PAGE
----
This happened while I was away for a couple of days, so Simon took Nick. He said it was very moving to see the two old friends meeting again after all these years. Nick needed a small filling and had a scale and polish, with a reminder to brush more regularly and stay off the Snickers bars last thing at night. We didn’t think any more of it until this letter arrived.
Apparently Nick had signed the exemption form saying that he received ESA (and therefore did not pay for his treatment) when actually since coming to Sheffield he only gets contribution based ESA as his finances were so tangled that the income related part of it has never been sorted out. Another thing I’m still chasing. So anyway, he should have paid the fee upfront and shouldn't have signed the form. 

Simon didn’t realise – he just assumed that Nick didn’t pay for his treatment – and apart from a few flashes of lucidity, Nick will sign anything put in front of him these days. So that was that, but now, for his perfidious attempt to dodge the system, Nick is being charged a sizeable penalty on top of the actual fee.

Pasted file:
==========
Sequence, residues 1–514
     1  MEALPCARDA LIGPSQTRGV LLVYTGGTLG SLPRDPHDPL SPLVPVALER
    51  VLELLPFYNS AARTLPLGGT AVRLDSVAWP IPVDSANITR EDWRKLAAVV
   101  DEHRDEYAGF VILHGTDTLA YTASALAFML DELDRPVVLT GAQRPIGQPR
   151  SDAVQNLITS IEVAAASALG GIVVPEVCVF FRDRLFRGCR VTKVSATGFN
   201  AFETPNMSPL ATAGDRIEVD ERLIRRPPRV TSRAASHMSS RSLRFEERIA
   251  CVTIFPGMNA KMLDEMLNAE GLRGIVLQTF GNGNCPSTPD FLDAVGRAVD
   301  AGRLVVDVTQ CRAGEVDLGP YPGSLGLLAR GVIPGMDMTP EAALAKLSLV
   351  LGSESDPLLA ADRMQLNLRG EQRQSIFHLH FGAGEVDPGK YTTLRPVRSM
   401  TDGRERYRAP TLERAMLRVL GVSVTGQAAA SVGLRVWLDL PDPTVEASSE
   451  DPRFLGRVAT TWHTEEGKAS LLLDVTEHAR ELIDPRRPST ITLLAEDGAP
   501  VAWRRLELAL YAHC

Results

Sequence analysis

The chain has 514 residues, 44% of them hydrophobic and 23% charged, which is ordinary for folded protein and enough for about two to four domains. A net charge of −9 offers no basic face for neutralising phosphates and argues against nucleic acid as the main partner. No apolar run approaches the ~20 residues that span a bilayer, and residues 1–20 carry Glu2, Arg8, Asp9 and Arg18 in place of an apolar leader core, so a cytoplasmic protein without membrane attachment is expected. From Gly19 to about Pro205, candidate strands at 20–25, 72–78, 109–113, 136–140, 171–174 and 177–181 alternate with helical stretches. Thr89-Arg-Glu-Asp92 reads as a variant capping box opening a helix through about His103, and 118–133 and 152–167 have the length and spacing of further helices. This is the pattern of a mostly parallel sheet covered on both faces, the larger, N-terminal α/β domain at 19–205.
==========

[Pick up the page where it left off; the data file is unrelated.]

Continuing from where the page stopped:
I wrote at once to explain that Nick has a serious impairment that affects his ability to process information and of course this was a mistake, our sincere apologies, we will pay the bearer forthwith. But that wasn’t good enough. They replied that we would need to send a letter from a medical professional confirming that the illness in question would have that effect, and one form Nick giving his permission for me to discuss the case on his behalf. As well as prompt payment of the penalty along with weekly interest that was now accruing. If they decided that there was justification enough to waive the penalty then they would perhaps refund it.